It may seem like a silly question to ask if the Baltimore Orioles with their 69-50 record and largest divisional lead in all of baseball are able to beat the poorer teams they play. But when one digs into the numbers, you see that it is a fair question.
There is no doubt that the Orioles are able to defeat the better teams. The strongest division in the American League this year has been the West. The O’s have the best record in the league against the AL West with their 21-12 mark. By percentage, that is even better than the Oakland A’s 27-20 record in their own division.
As well, the Baltimore Orioles have the best record in the league against their own division, currently at 30-19 in the AL East.
However, the Birds have the absolute worst record in the American League against the Central Division at 9-14. That is strange!
So can the Orioles win against this mighty powerhouse division? They had better! Ten of their next 17 games will be against AL Central teams – three each with the Indians and White Sox, and four with the Twins. So it is not like they are playing the powerhouse Tigers or the red-hot Royals.
The other seven games in this 17-game stretch feature three against the White Sox and four against the Rays. All of these teams have losing records except for the Indians – who are an even 60-60.
Everyone was wondering how the Baltimore Orioles would fare against the three tough West Coast teams, opening the second half of the season on a long road trip versus the top three squads. After that trip and with six more at home against the Angels and Mariners, they were 10-6; and the O’s have additionally been 7-2 since then … all of this adding up to 17-8 since the break. If a team could sustain that pace for a whole season, it would equal a record of 110-52. Yes, the Orioles have been playing good baseball.
It would seem that everything is aligned for the Orioles to run away with the divisional title by beating up on poorer teams and expanding their current 7.5-game lead over the Jays and 8-game margin on the Yankees. But this has been an upside-down year in every way, and easy and expected things are not what has happened.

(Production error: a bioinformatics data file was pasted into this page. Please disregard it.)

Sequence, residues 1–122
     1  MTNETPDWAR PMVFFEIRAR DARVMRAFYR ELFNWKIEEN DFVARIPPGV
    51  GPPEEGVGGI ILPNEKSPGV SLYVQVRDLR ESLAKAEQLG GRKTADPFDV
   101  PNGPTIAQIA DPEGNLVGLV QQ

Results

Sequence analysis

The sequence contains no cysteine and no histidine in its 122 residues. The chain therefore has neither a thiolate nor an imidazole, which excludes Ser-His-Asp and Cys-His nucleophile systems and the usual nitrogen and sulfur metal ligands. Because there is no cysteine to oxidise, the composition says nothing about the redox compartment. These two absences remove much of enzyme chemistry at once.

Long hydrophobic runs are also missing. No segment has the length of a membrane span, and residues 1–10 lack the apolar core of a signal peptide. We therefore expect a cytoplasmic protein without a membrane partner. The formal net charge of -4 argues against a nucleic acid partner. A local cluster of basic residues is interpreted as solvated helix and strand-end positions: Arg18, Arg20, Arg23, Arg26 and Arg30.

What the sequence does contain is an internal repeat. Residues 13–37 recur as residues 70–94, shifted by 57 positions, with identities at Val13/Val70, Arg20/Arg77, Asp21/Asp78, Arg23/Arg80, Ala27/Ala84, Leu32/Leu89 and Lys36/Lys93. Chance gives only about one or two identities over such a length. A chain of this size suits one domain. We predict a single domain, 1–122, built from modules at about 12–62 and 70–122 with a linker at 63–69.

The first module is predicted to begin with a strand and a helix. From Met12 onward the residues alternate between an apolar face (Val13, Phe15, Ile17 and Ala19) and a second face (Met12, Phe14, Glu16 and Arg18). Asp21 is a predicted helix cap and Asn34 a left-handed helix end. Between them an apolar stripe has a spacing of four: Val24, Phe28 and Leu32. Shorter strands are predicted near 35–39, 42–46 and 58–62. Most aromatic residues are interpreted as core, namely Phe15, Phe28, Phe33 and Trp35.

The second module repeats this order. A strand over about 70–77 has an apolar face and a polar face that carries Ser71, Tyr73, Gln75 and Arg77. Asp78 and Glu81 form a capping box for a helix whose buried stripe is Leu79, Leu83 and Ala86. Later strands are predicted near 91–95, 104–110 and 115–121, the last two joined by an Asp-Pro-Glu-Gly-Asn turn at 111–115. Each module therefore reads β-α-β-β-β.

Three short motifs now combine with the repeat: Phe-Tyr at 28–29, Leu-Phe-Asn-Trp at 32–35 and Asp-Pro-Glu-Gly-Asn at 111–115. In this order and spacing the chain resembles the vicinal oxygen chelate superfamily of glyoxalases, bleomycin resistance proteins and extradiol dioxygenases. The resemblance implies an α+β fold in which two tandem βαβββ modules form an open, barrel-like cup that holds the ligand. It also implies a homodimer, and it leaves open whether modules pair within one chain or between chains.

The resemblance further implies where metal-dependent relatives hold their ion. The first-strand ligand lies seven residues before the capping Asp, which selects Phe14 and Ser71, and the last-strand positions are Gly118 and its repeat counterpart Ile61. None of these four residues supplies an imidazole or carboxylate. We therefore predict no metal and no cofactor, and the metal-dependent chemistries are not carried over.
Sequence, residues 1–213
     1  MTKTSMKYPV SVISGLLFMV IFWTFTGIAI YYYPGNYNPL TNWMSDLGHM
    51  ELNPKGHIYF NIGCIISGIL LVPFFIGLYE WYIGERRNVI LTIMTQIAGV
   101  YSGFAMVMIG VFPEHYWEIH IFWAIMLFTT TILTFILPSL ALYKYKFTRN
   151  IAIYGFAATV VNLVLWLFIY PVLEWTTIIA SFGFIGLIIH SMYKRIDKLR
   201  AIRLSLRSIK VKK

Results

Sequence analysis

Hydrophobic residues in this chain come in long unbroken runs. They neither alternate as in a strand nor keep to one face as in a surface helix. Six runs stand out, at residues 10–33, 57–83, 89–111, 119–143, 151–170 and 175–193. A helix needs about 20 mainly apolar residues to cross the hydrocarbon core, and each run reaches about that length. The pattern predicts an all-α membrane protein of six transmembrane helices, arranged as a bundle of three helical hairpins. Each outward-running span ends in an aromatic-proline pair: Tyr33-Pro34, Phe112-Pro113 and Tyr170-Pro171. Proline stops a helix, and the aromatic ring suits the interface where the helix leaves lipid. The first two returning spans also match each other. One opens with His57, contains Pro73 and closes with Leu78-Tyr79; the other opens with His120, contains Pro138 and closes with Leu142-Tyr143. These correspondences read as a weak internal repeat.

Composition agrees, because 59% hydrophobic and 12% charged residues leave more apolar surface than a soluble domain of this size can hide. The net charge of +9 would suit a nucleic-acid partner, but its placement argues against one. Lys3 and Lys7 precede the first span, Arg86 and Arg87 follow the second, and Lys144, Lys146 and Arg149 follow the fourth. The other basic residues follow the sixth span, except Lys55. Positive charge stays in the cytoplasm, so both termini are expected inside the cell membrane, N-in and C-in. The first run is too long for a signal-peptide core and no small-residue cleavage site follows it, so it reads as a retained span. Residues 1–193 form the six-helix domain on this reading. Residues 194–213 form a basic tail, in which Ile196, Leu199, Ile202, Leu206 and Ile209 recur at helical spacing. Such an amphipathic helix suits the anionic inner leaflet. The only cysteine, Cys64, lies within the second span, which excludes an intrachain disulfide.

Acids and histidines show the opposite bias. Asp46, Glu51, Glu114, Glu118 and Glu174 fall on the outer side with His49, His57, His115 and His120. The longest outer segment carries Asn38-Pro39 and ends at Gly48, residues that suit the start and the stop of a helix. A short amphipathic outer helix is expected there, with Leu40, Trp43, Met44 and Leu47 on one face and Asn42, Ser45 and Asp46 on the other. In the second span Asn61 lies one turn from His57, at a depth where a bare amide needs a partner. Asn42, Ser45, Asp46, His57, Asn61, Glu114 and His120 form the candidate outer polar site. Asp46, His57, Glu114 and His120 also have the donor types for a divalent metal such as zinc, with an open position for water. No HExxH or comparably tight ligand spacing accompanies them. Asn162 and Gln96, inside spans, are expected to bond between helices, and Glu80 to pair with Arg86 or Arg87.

Who could have imagined that the Orioles would have such a lead if told before the season that Matt Wieters would miss most of the year for Tommy John surgery, Chris Davis would struggle to hit .200, and Ubaldo Jimenez would lead the AL in walks – even while missing a month on the DL?
On the other hand, few would have believed that Nelson Cruz would lead all of Major League Baseball in home runs at the All-Star break and carry the O’s through the first half, that Nick Markakis would have the fourth-most hits in the AL, that Steve Pearce would carry the team for several week through critical stretches, and that the bullpen would rival the 2012 corps in terms of lights-out relief.
It has been quite a ride. Just two months ago on June 16th, the Baltimore Orioles were 35-34 and five games out of first place. Since then, over a period of 50 games, they have been 34-16 … yep, that is 17-8 over two consecutive 25-game stretches both before and after the break.
So, who else has as much of a “team of destiny” look about them right now? Maybe the A’s? Any other? Not really.